In Weekly Roundup #51 we’re taking a look at a bunch of new RK3399 SBCs, FPGAs and the world is still AI mad.
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This is a fairly lengthy Weekly Roundup, so sit back and put your feet up.
First up on Kickstarter we have the MyCroft Mark II. The MyCroft is an open source voice assistant which handles all the grunt work on the device itself instead of in the cloud. The Mark II is similar to the Mark I, but now sports a snazzy touch display, SD slot and USB. As yet there’s no indication of what SoC they’re using.
I joined the live broadcast to find out, but unfortunately this wasn’t made clear.
One of their goals of the product is to be completely open. That is: You have complete control over the device and the persona that responds on MyCroft will send you data only you want to hear. Which can be good and bad.
If you’re in to metal detection, then there’s this campaign based on the Analog Devices AD5933 for around 5 euros.
And there’s the Sensorless BLDC motor controller. This is a modular motor controller based on the humble MSP430, and a bunch of MOSFETs allowing control over a 3.3 to 8.4v, 6A motor. Not sure where the “sensorless” bit comes in, as it has a current sensor, but anyway… Looks good.
This is an interesting campaign that has been created by Bootlin. A little research shows up that this is the new company name for the defunct Free Electrons. So, what do they want to do in this campaign? They want to free up the AllWinner SoCs completely from all those pesky closed source binary blobs and provide true support for all the AllWinner VPU.
If they can pull this off, then suddenly all those cheap AllWinner based boards from fruit shops suddenly become a whole more attractive.
Over at IndieGoGo, there’s the …
BigClown IoT sensor kit. This kit starts with the “Core” running an STM32 with sub-GHz RF, temperature and 3DOF IMU. They also have the Cloony, no not him, but this, which is the same but smaller. From that you can build up with a variety of modules that provide every sensor you can think of, with their starter kit all the way up to their Premium Kit.
We’ve seen a lot of these in the past, but the ones that end up being good are the ones that provide a full end to end product making it easy for you to get on-board. BigClown have offered me a review unit, so I’ll be putting it through it’s paces when I get it.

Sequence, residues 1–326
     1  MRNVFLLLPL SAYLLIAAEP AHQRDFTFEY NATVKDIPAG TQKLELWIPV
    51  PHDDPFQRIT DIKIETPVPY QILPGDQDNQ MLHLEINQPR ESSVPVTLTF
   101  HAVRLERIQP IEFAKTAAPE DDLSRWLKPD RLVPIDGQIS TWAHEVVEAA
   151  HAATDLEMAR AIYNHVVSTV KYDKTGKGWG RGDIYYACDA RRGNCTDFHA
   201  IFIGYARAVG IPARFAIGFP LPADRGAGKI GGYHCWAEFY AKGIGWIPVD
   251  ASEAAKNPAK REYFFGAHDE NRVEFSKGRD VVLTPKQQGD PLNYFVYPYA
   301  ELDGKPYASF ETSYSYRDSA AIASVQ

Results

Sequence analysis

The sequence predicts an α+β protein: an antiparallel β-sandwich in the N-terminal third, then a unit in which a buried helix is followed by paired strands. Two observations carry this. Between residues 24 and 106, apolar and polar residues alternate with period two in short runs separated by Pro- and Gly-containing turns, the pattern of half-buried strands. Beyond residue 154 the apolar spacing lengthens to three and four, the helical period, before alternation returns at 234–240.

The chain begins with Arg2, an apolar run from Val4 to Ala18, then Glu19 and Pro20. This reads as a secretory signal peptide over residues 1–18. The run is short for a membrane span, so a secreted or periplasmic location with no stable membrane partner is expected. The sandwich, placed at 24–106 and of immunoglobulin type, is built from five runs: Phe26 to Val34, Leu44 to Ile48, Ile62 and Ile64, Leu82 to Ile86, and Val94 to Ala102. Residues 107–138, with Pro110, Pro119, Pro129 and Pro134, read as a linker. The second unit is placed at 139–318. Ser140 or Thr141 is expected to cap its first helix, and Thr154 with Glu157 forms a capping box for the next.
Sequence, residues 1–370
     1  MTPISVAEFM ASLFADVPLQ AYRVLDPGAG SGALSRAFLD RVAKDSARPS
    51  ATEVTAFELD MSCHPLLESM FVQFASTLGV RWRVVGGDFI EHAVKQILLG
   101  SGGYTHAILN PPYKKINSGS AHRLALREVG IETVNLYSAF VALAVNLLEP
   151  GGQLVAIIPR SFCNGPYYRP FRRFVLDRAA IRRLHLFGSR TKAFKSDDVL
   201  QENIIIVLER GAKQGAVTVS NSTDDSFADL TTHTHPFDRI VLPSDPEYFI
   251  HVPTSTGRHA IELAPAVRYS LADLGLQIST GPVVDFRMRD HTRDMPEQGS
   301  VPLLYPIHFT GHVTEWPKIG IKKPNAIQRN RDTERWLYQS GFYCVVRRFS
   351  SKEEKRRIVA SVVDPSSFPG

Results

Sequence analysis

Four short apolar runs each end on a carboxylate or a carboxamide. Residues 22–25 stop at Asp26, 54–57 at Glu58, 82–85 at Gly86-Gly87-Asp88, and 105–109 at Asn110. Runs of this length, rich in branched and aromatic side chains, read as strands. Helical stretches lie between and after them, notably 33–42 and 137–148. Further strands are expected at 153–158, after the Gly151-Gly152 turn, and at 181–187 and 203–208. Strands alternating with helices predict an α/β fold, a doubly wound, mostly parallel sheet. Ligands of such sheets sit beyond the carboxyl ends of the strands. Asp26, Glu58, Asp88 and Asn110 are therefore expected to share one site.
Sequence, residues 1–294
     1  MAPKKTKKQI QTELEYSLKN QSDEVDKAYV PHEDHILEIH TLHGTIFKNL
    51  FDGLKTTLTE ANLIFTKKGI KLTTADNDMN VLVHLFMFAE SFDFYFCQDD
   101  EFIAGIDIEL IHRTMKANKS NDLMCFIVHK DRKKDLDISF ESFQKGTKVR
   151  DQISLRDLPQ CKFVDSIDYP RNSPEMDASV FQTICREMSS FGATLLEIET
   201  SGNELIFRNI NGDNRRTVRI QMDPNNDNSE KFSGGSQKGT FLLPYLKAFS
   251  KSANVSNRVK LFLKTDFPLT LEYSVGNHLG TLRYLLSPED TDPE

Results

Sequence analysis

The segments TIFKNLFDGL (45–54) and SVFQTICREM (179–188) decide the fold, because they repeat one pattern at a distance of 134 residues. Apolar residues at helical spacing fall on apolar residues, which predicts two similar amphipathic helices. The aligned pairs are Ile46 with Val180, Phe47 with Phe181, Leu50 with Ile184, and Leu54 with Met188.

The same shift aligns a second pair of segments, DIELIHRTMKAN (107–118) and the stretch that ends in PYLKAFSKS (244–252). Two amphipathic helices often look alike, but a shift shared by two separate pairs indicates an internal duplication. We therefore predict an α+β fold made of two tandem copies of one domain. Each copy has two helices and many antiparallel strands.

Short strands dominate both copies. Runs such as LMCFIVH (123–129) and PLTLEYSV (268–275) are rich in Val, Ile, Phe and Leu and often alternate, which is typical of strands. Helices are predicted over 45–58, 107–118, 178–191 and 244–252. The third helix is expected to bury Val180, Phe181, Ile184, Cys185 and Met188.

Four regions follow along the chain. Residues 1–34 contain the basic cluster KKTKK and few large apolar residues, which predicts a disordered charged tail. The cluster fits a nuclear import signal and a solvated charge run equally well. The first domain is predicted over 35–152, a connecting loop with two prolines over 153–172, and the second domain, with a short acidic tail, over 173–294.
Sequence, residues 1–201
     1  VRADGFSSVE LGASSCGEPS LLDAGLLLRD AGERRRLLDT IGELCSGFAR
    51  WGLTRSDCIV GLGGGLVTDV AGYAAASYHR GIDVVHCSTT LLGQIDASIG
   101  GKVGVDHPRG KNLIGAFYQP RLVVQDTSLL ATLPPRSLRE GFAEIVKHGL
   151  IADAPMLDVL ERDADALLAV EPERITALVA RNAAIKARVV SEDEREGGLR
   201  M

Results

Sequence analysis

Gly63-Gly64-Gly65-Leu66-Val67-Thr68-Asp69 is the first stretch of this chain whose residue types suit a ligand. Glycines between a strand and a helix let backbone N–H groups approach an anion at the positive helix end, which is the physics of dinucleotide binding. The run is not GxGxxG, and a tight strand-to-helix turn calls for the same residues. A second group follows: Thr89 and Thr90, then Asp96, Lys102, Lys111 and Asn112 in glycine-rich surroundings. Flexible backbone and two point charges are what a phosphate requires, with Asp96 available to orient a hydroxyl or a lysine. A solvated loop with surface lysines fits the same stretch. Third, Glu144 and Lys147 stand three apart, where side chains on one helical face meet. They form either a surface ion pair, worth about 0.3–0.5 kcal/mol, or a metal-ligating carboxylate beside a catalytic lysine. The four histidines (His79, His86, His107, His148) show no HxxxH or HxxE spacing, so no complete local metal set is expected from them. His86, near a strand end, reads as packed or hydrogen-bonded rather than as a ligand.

Over at CrowdSupply, there’s a few interesting things in pre-launch…
The Infinite Noise TRNG aims to provide true random number generation. Why is this important? A lot of crypto engines rely very heavily on random number generation and computers are very good at being predictable. So a decent TRNG source is critical for security. This board is similar to Peter Allen’s design from back in 1999, so it’s been around for a while. You can also pick this up from Tindie.
Back in my youth, when I was writing firmware for production test environments, I would often use LEDs to send 300 BAUD data indicating any errors encountered. A simple Light Dependent Resistor and RS232 circuit attached to my PC would show up what was being sent. The OpticSpy is doing pretty much that, but this one is claiming to get up to 800kbps.
TinyFPGA BX is yet another fantastic FPGA board from Luke Valenty. This one is based on the Lattice ICE40LP8K. There’s not much to say about this one, except Luke is continually producing some decent and inexpensive Maker products.
While we’re on the topic of Luke, he tweeted the other day that he is designing a Hardware Description Language to make it easier for Makers to work with FPGAs. This is a fantastic idea and I’m looking forward to seeing this develop over time.
SiFive is back again with yet another cool product. This time there’s the HiFive Unleashed. The unleashed part comes from, I suspect, the fact that it runs the SiFive U540, which is a quad core SoC running at 1.5GHz. Also has 8G DDR4 RAM with ECC, 32M SPI flash, SD, GbE, FMC expansion header all powered from a 12v DC supply.
This board is a bit of a screamer and unfortunately has the price tag to match. However, it is the first Maker SBC that I’ve seen providing DDR4 ECC RAM.